Microsoft Word saves “metadata” along with a document – extra information ranging from identification of authors and reviewers of a document to all text added and deleted in prior versions and revisions of the document. This assists in collaboration, but it can have unexpected side effects.
Here’s an article about a draft letter circulated by the California Attorney General proposing a new legal theory for attacking file sharing software. The letter proposes an unprecedented legal theory – characterizing file sharing software as a “dangerous product” and suggesting that developers should be subject to liability for deceptive trade practices because the software does not contain warnings that it can be used to violate the law.
The Word metadata reveals that the letter was either authored or reviewed by a senior vice president of the Motion Picture Association of America. It’s hardly surprising to find an industry manipulating governmental agencies, but the evidence of it usually doesn’t emerge quite so clearly.
Another example from the news last week: the SCO Group has been filing lawsuits against companies using Linux, alleging that Linux includes copyrighted Unix code owned by SCO. The tech community is deeply divided about whether the lawsuits have merit, but SCO is moving full speed ahead in the legal system. It chose a couple of big companies last week as test cases and filed lawsuits against Daimler-Chrysler and AutoZone.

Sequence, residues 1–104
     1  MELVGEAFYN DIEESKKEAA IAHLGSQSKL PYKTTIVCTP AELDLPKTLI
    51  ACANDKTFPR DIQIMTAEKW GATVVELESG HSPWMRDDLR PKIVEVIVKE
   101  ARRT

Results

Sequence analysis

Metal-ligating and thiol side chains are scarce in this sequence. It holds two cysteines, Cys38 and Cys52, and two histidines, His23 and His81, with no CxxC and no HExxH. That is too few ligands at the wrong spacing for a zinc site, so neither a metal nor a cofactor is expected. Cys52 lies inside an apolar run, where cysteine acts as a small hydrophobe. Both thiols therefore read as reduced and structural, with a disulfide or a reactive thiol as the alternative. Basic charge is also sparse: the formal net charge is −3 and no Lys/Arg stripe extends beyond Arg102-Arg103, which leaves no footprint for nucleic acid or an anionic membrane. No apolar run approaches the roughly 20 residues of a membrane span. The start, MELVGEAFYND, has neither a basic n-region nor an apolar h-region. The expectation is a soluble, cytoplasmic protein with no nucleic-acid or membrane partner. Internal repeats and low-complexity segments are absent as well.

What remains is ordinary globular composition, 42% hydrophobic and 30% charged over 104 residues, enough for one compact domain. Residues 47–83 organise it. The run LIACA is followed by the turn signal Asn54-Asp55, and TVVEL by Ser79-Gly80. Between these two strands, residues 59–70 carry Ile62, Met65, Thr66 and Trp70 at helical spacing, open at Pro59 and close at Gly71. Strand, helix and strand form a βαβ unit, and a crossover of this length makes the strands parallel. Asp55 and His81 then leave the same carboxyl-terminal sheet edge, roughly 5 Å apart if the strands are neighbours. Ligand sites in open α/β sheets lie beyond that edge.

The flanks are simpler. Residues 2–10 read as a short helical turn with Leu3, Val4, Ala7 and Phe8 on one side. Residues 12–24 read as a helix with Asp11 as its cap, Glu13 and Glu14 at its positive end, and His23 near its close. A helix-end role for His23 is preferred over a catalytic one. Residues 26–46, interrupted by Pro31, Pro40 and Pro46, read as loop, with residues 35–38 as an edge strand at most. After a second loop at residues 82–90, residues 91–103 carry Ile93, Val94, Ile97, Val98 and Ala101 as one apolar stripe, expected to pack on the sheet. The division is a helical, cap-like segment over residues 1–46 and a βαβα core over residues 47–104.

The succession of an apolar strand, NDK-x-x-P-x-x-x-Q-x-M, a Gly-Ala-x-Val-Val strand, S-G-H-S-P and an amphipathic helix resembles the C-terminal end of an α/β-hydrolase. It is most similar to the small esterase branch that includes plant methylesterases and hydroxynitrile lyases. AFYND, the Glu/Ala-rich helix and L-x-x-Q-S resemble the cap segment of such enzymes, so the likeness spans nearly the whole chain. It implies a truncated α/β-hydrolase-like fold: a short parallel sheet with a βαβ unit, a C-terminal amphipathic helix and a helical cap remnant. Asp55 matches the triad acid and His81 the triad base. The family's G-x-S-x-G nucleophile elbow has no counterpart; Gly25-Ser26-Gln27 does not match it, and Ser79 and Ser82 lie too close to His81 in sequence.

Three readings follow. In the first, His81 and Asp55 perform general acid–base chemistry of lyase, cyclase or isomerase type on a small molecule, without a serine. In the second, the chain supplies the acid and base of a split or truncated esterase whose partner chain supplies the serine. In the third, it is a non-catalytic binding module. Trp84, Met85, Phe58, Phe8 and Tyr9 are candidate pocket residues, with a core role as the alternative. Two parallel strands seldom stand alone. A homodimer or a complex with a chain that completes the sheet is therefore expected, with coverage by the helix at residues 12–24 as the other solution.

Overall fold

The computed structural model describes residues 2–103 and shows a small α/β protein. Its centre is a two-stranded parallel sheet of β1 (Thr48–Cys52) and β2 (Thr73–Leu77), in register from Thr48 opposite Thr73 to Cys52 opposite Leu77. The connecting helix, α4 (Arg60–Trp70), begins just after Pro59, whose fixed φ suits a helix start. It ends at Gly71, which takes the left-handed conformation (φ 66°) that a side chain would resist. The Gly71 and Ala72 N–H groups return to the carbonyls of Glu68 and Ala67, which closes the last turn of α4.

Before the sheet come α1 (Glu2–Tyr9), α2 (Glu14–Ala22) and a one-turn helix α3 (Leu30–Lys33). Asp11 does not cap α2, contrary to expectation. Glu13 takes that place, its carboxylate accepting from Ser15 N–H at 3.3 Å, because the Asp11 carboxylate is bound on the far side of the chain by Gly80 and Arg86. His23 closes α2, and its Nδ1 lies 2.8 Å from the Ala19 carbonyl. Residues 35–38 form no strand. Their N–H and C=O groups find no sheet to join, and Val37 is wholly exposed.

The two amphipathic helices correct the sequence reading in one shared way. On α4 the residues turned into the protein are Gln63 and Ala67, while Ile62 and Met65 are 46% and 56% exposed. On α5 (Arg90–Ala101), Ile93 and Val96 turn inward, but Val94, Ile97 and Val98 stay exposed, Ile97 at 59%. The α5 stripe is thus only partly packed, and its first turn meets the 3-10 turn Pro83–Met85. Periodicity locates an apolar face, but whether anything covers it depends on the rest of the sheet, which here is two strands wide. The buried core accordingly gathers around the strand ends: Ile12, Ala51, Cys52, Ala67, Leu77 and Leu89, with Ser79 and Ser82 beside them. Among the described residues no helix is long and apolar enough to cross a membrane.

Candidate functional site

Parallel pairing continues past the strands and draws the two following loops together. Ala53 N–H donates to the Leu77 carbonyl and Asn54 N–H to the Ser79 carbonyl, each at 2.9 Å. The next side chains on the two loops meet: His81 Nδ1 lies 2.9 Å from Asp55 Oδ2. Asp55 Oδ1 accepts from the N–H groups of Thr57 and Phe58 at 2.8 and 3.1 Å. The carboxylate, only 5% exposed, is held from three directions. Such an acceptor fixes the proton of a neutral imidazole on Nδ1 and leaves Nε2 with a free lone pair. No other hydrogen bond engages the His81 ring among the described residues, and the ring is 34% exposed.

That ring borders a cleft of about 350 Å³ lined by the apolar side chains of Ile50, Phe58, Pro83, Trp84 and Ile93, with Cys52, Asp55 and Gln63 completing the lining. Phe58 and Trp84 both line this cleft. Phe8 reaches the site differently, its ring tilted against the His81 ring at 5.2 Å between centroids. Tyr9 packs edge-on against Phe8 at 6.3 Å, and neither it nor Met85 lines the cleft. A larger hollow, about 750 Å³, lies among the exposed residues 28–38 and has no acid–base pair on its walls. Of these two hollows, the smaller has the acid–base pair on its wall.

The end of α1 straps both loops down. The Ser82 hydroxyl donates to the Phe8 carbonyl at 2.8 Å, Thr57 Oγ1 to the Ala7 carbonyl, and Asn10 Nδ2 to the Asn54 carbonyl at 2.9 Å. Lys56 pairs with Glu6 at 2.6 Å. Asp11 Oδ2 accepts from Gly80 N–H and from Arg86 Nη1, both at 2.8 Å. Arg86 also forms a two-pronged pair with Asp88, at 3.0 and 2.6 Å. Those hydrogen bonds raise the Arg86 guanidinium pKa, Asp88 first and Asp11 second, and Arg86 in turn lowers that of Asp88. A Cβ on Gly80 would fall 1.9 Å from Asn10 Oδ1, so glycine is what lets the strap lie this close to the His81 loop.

The interesting discovery was in the Word metadata buried in the copy of the lawsuit circulated last week – showing that the defendant had been Bank of America until a few days before filing.
If you’ve got a Word document that’s been circulating for a while, try viewing the document under “original showing markup” or “final showing markup.” You might be surprised.
Microsoft has online information specifically aimed at lawyers producing electronic versions of documents during discovery in a lawsuit, with links to information about minimzing the metadata stored with a document. Office 2003 has a feature allowing the information to be permanently removed. And many offices are starting to circulate PDF files instead of Word documents to prevent alteration – and to prevent inadvertently giving away secrets.